Once the data collected from the GBT and Breakthrough Listen had been assembled, it was turned over to citizen scientists, who after combing through it for signs of ET signals, “ruled out 99.6% of them.”
However, in less than 1% of the remaining data, additional evaluation by the astronomers turned up something interesting.
“Signals of Interest”
“Further analysis found 2 signals-of-interest that warrant follow-up,” the research team says, although they are clear in noting that they don’t believe these to represent alien technosignatures. Nonetheless, the research team plans to see whether these signals—whatever their actual source might be—will turn up in future searches. What would this mean if they were detected again?
According to their paper, what that could imply is that the twelve targets they focused on in their recent search probably aren’t producing transit-aligned signals within the transmission frequencies between 1.1. and 1.9 GHz. Even though this search yielded no conclusive evidence of ET technosignatures, the team says there was still plenty of valuable data gleaned.
“This search debuts a range of innovative technosignature techniques,” the authors wrote, adding that “citizen science vetting of potential signals-of-interest, a sensitivity-aware search out to extremely high drift rates, a more flexible method of analyzing on-off cadences, and an extremely low signal-to-noise threshold” all constitute advances the current research still produced in the absence of locating their long-sought target.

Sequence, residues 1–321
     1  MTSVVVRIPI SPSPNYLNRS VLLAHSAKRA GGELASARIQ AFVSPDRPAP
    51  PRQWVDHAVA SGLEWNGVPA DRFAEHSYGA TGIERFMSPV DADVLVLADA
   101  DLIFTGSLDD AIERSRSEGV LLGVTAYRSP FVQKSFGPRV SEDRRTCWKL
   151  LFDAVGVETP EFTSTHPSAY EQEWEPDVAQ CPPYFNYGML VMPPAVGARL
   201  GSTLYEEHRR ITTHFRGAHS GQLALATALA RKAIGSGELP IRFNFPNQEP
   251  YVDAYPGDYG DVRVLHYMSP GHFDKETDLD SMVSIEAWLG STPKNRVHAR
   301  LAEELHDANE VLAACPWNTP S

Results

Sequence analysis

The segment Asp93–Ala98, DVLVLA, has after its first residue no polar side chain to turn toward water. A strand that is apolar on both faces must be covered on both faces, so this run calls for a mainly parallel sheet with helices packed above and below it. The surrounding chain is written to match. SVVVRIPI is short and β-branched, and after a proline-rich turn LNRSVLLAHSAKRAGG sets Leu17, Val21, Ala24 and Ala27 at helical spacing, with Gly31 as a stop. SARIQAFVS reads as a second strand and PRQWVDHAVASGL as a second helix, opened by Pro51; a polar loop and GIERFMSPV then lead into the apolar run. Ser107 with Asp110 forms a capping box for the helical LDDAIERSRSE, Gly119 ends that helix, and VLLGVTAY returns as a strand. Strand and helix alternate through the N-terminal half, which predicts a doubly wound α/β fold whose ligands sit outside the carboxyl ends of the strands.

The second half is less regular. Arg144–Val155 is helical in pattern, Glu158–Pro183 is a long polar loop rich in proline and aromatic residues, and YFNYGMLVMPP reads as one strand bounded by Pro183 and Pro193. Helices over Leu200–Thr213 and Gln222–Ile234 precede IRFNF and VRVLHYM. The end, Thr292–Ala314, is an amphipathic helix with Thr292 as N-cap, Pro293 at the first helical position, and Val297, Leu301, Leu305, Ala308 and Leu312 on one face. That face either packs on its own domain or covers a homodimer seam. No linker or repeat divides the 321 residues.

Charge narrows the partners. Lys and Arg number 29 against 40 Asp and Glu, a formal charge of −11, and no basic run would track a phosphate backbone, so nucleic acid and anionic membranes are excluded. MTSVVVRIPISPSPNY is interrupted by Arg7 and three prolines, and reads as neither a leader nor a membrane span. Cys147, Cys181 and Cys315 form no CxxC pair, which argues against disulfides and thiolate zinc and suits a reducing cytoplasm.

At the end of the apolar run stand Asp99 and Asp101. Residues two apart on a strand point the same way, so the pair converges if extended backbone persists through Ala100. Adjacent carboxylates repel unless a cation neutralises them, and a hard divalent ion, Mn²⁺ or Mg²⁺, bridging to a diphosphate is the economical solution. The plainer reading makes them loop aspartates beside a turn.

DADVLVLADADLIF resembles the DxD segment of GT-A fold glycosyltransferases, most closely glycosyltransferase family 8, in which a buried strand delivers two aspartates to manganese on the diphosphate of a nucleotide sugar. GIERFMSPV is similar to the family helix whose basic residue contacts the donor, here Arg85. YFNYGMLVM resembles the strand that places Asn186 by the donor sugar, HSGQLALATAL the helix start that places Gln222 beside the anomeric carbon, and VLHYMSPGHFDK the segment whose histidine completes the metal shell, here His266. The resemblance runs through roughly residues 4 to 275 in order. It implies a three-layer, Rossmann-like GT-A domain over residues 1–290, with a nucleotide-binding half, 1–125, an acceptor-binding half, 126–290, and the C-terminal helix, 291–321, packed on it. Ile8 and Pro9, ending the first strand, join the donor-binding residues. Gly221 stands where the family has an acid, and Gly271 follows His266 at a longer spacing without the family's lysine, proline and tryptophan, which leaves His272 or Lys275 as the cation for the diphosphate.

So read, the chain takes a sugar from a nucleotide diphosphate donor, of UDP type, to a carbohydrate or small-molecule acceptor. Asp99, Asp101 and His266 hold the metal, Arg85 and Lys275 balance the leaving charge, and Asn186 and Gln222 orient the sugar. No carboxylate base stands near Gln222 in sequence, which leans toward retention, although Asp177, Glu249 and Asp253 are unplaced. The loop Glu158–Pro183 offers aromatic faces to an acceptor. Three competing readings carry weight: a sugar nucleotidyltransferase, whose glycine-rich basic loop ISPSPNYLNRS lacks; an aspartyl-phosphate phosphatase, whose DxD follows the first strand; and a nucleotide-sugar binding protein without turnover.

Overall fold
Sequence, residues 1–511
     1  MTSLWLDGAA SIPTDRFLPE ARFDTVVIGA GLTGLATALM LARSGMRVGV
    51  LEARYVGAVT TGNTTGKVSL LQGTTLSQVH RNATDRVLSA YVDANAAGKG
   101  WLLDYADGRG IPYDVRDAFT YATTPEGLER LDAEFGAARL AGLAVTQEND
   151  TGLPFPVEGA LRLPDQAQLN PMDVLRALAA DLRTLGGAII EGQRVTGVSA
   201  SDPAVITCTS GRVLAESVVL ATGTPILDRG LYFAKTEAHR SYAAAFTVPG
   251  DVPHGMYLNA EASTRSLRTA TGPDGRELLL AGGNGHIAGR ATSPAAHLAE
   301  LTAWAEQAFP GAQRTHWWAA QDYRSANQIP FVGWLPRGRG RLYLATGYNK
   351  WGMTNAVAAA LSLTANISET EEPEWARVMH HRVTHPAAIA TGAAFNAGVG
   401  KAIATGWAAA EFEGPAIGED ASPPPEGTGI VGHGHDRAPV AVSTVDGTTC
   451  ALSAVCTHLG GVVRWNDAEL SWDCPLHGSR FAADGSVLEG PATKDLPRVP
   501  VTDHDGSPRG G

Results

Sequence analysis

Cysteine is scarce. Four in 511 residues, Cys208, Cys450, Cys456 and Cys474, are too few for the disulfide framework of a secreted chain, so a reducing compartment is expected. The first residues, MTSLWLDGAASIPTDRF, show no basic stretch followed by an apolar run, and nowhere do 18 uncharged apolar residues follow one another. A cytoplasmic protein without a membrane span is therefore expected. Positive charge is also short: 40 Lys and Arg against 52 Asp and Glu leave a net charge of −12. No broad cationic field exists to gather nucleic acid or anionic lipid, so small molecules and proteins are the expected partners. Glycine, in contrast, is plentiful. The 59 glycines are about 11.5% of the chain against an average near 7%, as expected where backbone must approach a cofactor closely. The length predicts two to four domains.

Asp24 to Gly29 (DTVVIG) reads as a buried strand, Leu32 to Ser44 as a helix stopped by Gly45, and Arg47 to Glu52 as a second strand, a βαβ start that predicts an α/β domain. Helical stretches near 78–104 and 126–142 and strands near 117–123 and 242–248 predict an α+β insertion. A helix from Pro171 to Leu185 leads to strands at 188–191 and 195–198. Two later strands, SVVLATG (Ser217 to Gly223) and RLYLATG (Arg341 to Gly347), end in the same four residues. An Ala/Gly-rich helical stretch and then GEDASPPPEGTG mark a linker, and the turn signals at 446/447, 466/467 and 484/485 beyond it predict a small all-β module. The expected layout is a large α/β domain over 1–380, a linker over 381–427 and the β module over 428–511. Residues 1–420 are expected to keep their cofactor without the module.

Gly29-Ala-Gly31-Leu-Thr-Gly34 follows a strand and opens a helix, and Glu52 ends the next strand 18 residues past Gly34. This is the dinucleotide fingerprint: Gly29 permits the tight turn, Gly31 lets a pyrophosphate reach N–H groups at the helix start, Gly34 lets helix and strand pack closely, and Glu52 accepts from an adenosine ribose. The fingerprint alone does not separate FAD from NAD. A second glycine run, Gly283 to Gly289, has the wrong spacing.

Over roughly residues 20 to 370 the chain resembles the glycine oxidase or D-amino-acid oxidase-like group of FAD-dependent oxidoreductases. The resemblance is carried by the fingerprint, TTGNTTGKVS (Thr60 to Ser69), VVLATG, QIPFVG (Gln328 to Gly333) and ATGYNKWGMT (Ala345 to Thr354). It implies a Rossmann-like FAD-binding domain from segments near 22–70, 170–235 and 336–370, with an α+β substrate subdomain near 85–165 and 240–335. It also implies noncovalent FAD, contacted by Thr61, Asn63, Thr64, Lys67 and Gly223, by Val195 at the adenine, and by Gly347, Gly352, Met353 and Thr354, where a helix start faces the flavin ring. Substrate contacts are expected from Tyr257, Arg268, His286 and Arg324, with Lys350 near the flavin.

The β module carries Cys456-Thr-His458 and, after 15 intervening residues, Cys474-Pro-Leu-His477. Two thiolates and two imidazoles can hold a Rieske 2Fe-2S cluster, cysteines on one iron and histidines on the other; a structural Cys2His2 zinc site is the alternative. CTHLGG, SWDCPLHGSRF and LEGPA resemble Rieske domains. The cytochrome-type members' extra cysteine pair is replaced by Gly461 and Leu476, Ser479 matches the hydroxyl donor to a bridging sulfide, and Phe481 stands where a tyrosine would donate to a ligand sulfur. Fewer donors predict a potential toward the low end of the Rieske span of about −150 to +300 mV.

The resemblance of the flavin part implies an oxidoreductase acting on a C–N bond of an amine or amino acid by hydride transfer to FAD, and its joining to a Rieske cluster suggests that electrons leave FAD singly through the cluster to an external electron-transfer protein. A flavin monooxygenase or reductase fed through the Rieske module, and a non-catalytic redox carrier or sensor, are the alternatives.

The paper by lead author Sofia Sheikh, et al, is currently awaiting peer review, and those interested in learning more about their research can find it online in its entirety here.
Researchers have postulated that readings from the Hubble Space Telescope may help to explain the nature of the ever-elusive dark matter, which may actually be made up of something called dark photons.
Scientists from the Nuclear Ignition Facility at Lawrence Livermore National Laboratories (LLNL) have achieved a major milestone in fusion energy as the energy needed to cause the reaction was less than the energy produced.